Twitter warns of DUI checkpoints
When a Texas prosecutor decided to use Twitter to announce suspected DUI arrests in his jurisdiction, he could have foreseen the opposite affects Twitter could have on the effectiveness of DUI checkpoints.
This holiday season, checkpoints nationwide posted slightly lower numbers than last year. This statistic comes despite some estimates that drinking and driving was actually up due to economic fallout. The reason? More people are warned of the presence of checkpoint through access to Twitter on smart phones.
Young drivers, often the most likely to be dangerous on the road, are the ones making fastest use of the technology to avoid arrest. Text messages and even on iPhone application designed to point out checkpoints aid in avoiding arrest.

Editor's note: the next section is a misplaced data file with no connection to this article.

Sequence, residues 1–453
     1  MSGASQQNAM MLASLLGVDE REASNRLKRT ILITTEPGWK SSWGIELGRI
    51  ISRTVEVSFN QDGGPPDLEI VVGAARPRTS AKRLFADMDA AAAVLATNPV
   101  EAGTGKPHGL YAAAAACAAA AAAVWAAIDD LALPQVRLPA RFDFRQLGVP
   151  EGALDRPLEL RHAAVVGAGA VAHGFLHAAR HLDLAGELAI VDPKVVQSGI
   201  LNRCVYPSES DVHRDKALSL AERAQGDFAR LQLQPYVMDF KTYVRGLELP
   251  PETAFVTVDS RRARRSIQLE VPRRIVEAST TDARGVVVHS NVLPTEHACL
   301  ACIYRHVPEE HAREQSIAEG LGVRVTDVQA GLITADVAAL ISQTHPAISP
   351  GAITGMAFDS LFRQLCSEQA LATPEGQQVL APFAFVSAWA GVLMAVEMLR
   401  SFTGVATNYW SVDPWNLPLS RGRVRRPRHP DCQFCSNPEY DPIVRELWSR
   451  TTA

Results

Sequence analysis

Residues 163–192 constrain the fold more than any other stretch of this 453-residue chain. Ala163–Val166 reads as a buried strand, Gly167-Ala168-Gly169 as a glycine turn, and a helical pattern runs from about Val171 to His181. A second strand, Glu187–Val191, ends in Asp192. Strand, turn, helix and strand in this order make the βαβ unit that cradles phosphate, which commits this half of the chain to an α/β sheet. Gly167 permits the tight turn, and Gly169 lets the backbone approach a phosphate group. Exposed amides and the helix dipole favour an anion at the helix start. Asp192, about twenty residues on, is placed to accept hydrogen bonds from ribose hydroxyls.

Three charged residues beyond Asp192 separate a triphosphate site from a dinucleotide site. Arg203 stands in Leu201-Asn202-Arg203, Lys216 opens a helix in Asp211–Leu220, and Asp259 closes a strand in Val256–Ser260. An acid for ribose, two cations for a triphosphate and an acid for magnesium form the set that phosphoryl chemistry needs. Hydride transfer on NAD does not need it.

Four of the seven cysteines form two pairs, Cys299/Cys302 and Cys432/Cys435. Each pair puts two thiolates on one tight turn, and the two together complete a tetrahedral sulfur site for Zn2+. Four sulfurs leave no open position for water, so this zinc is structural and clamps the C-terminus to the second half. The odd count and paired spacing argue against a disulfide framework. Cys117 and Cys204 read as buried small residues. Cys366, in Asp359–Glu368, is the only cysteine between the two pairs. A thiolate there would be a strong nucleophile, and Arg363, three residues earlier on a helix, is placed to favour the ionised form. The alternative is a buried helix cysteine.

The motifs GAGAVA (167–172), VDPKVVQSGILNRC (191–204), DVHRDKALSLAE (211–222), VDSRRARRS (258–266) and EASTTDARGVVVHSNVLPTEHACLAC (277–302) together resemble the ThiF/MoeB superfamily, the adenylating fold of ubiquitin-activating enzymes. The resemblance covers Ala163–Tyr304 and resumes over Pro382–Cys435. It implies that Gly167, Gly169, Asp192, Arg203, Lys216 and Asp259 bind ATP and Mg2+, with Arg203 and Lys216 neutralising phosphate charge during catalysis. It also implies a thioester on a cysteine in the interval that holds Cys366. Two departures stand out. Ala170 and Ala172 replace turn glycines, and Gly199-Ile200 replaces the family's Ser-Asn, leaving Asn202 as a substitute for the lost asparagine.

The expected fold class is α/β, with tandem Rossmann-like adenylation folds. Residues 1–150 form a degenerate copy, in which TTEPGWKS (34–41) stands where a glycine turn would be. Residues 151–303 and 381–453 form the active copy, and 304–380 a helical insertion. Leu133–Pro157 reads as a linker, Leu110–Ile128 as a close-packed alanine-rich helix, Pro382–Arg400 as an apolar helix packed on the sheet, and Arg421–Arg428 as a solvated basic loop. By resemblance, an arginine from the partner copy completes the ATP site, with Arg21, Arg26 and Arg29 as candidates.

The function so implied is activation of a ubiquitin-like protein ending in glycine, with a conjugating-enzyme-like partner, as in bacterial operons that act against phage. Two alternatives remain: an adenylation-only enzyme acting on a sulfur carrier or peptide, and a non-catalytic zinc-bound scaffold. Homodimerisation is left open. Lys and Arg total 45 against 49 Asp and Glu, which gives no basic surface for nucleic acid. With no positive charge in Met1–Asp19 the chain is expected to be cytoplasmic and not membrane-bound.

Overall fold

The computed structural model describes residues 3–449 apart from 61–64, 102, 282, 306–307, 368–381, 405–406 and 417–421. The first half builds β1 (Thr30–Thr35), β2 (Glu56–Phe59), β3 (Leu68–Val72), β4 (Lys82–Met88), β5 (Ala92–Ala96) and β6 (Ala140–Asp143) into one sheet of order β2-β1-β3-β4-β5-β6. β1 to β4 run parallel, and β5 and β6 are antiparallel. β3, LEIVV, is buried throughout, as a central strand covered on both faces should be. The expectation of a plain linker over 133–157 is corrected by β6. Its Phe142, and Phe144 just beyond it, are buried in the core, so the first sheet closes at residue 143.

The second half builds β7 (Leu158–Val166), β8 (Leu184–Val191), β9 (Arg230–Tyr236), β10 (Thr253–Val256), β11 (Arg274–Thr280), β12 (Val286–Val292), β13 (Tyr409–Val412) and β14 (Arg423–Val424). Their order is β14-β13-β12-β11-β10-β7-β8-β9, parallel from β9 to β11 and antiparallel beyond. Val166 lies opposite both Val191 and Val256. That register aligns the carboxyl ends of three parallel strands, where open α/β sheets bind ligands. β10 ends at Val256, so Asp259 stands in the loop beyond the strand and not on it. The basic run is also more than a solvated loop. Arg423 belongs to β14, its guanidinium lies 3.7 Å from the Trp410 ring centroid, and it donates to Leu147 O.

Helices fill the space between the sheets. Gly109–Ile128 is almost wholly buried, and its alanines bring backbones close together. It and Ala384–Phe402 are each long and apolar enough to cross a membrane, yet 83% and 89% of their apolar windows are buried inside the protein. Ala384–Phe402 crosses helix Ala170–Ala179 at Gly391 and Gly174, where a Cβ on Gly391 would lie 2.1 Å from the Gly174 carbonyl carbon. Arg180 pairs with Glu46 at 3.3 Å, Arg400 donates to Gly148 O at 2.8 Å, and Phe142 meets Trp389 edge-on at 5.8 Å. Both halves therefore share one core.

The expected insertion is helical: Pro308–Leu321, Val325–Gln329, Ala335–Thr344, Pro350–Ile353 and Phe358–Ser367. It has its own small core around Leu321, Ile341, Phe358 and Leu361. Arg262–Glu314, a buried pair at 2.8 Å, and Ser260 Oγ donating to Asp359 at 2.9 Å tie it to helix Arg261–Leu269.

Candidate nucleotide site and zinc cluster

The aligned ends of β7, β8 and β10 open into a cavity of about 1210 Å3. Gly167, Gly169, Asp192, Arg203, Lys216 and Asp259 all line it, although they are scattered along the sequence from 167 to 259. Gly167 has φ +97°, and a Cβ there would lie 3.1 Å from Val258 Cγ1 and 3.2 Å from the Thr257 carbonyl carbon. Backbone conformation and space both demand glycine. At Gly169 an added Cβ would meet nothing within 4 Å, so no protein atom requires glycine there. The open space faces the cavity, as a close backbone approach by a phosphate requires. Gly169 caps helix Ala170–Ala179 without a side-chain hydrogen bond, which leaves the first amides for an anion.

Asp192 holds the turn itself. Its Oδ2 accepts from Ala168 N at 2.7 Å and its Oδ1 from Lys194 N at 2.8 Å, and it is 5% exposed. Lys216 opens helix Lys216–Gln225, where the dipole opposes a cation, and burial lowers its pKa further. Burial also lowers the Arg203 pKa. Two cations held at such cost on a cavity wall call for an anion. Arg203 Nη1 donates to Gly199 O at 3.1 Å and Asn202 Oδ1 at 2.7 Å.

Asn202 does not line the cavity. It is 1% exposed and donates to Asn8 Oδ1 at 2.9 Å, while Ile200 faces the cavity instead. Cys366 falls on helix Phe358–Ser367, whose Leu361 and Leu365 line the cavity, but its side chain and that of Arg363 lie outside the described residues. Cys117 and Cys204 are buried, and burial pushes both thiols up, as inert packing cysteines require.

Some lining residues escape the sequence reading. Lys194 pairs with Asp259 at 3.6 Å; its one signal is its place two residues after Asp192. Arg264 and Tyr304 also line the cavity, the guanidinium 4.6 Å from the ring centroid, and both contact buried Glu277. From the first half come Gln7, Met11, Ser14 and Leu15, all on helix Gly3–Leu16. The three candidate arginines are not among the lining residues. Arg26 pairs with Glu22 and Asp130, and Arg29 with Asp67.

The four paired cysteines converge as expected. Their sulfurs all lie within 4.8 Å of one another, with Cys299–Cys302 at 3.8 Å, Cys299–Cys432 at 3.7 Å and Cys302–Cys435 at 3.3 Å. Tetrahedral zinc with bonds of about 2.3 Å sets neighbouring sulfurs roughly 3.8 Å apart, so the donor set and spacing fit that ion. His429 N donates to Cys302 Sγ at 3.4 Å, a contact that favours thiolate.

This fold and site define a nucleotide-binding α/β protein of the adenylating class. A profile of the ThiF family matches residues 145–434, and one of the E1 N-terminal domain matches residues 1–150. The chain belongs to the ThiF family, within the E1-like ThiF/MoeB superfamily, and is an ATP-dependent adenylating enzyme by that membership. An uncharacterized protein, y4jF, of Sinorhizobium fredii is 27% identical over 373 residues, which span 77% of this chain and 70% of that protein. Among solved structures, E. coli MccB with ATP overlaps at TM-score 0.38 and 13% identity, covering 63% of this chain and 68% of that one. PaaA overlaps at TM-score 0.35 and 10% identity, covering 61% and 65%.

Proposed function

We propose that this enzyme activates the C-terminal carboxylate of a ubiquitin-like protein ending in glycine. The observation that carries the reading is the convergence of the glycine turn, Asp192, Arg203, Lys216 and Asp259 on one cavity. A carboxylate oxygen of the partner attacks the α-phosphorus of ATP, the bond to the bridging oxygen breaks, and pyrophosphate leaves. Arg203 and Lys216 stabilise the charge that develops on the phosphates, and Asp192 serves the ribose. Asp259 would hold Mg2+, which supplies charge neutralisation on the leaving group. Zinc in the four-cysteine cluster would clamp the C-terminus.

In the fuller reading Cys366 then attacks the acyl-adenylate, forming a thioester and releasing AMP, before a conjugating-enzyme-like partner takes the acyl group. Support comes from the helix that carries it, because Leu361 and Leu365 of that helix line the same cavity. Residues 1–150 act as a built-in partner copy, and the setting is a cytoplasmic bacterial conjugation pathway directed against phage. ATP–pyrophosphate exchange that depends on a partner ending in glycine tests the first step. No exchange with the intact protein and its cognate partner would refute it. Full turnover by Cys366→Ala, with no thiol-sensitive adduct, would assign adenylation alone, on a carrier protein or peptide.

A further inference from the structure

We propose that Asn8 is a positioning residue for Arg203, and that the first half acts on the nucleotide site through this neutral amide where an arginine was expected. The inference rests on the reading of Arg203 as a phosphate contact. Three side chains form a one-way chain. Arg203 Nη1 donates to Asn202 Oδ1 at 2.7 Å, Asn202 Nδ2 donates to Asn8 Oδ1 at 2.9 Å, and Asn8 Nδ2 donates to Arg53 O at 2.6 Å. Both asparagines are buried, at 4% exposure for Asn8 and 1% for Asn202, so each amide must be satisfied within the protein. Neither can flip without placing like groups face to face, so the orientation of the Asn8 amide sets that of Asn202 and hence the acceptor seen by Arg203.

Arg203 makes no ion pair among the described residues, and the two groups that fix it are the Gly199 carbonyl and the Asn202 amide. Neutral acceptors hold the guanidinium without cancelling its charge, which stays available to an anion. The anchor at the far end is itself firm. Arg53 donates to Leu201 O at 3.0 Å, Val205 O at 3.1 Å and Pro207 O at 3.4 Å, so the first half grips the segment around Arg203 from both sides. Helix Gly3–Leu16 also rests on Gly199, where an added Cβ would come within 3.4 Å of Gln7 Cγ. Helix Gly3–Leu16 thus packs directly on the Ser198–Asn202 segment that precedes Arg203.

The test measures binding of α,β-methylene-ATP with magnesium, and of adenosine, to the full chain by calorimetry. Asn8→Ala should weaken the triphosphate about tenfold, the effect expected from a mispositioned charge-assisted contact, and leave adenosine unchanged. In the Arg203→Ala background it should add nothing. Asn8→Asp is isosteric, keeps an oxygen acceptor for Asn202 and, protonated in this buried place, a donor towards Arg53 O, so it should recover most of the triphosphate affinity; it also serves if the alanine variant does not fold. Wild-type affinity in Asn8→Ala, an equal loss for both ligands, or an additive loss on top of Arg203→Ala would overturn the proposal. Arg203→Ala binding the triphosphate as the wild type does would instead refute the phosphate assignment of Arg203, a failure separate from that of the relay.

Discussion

On the one hand, some officers say there is nothing wrong with getting the word out about checkpoints. Officers feel the psychological affect of announcing checkpoints can be to dissuade drivers from taking risks. On the other hand, officers need to pay for the checkpoints by at least issuing traffic tickets if not arresting people for DUI. With less people going through the checkpoint, there are fewer tickets, not just fewer arrests.
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